Time-resolved emission spectra of intrinsic Tyrosine during the early stages of ß-amyloid aggregation

  • Abeer Ahmed M Alghamdi

Student thesis: Doctoral Thesis


The aggregation of beta-amyloids (Aß) is one of the key processes responsible for the development of Alzheimer's disease (AD). Early molecular-level detection of beta-amyloid oligomers may help in early diagnosis and in the development of new intervention therapies. Previous studies on the changes in beta-amyloid's single tyrosine intrinsic fluorescence response during aggregation can be efficiently used to indicate the extent of the aggregation at its earliest stages before the beta-sheets are formed. To better understand the underlying kinetics of Aß aggregation we present a complementary approach based on the time-resolved emission spectra (TRES) of amyloid's tyrosine. TRES can sufficiently demonstrate structural changes on the nanosecond time scale after excitation. Aß monomers can be distinguished from oligomers by means of the position of their emission spectra. Further spectral shift caused by dielectric relaxation can be useful for determining the size of the oligomers since their spectral shift gradually decreases as the aggregates grow larger.Aß1-40 self-assembly was also studied in the presence of additional compounds affecting the progress of aggregation such as copper ions and glucose or factors that can potentially prevent aggregation like quercetin. In the presence of copper ions, time‐resolved fluorescence techniques demonstrated the formation of beta amyloid‐copper complexes and the accelerated peptide aggregation. The shifts in the emission spectral peaks indicated that the peptides exhibit different aggregation pathways than in the absence of copper. In the presence of high glucose concentrations TRES exhibit multiple peaks, their position and shifts reveal the impact of glycation on Aβ1– 40 oligomerisation. The results show that formation of the advanced glycation end products (AGEs) alters the aggregation pathway. These changes are highly relevant to our understanding of the pathophysiology of AD and the implication of AGE and diabetes in these pathways. In the presence of quercetin, TRES exhibit multiple peaks with characteristic spectral shifts, indicating a different aggregation pathway. At a molar ratio of 1:1 (Aß1-40 : Quercetin), TRES results showed early formation of Aß-Quercetin complexes, which seem to inhibit further Aß aggregation. This makes it a potential nutrient that may help prevent or delay the development of Alzheimer’s disease.Other techniques like fluorescence anisotropy decay and nanoparticle tracking analysis (NTA) were investigated in order to study Aβ aggregation and to explore synergy resulting from combining different experimental techniques.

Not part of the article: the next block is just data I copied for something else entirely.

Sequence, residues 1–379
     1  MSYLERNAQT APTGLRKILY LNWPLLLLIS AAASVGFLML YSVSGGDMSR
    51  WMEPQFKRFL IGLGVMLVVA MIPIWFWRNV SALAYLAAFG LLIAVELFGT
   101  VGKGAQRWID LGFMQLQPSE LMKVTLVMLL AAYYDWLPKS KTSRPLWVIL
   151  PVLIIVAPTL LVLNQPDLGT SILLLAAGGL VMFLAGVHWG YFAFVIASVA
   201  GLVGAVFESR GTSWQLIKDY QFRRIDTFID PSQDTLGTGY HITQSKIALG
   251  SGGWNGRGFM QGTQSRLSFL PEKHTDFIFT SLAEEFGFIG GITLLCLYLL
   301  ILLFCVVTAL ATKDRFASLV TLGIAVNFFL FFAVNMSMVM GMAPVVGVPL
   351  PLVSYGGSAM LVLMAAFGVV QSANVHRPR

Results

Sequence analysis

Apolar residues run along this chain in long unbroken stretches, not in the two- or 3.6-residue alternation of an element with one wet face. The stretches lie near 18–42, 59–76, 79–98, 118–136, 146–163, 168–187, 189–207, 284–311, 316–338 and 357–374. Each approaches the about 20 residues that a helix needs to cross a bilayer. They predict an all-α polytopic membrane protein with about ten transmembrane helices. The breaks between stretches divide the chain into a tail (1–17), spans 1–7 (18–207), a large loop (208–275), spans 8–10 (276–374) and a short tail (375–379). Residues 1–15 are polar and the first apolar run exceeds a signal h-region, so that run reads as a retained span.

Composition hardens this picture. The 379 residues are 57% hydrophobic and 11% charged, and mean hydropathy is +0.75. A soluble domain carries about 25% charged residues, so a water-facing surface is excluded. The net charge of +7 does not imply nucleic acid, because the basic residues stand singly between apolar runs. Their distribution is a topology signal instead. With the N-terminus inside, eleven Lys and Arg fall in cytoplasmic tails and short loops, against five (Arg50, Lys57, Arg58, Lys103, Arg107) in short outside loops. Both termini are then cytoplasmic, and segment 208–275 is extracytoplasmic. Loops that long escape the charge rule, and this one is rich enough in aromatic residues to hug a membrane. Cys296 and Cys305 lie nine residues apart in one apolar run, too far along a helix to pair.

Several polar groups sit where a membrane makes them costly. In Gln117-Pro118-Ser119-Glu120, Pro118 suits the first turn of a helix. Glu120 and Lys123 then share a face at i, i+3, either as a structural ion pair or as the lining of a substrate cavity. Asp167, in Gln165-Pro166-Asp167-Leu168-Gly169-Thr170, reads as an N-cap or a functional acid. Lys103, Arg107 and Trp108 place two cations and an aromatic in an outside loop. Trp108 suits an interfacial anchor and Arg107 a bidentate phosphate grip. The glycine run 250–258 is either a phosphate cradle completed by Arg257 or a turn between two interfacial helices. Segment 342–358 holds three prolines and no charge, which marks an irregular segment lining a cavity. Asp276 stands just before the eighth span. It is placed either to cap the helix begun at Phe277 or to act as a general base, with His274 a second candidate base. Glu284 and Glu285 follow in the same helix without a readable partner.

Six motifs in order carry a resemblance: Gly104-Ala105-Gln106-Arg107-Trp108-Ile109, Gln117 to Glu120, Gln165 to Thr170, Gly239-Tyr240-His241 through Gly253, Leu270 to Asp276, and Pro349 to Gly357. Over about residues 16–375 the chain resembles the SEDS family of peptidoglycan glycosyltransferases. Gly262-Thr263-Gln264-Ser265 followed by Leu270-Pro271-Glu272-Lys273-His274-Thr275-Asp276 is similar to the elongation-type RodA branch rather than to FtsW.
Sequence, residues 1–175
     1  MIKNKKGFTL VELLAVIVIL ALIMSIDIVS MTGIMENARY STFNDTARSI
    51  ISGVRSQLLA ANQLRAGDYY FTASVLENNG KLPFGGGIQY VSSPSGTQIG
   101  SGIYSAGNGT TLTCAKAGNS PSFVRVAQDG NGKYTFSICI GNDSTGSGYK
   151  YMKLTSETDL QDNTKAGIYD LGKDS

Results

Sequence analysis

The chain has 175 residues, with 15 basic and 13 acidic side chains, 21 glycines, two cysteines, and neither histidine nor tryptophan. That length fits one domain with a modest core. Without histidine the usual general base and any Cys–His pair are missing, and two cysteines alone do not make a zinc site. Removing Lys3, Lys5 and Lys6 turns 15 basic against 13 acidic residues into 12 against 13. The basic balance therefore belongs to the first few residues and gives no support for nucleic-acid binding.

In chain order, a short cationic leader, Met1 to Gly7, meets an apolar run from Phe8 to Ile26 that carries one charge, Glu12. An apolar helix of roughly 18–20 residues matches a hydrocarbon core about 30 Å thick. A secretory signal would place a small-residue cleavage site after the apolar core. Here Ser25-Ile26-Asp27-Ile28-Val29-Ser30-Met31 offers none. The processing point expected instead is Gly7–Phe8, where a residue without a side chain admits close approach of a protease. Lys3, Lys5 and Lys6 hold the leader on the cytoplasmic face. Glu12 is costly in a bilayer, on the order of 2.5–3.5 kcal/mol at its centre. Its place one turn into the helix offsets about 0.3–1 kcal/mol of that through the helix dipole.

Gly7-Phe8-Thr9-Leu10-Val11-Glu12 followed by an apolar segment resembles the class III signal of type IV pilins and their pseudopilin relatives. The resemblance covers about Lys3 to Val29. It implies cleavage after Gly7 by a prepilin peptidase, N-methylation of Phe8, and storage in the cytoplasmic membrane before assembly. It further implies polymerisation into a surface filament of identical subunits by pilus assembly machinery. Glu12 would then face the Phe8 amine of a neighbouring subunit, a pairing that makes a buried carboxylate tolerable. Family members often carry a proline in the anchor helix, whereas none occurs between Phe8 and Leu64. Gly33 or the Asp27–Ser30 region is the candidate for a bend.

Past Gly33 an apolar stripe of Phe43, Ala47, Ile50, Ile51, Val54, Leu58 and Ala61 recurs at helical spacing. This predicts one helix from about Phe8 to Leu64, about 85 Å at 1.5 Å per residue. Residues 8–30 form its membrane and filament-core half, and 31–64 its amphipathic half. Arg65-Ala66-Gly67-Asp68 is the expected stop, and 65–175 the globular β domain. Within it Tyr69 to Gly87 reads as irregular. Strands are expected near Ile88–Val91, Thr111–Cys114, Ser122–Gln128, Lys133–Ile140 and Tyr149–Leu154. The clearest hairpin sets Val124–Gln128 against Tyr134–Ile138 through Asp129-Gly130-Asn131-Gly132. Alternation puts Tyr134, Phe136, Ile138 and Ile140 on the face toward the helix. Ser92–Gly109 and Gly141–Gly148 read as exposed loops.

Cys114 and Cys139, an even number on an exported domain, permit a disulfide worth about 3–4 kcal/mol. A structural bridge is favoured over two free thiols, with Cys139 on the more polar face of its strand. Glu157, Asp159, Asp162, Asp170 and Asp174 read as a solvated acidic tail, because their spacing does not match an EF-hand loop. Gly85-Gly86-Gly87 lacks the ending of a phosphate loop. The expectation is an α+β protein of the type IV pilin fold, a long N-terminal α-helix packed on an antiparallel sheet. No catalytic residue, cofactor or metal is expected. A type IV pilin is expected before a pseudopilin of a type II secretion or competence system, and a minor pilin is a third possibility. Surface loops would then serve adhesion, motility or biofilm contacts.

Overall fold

Date of Award17 Feb 2022
Original languageEnglish
Awarding Institution
  • University Of Strathclyde
SupervisorOlaf Rolinski (Supervisor) & David Birch (Supervisor)

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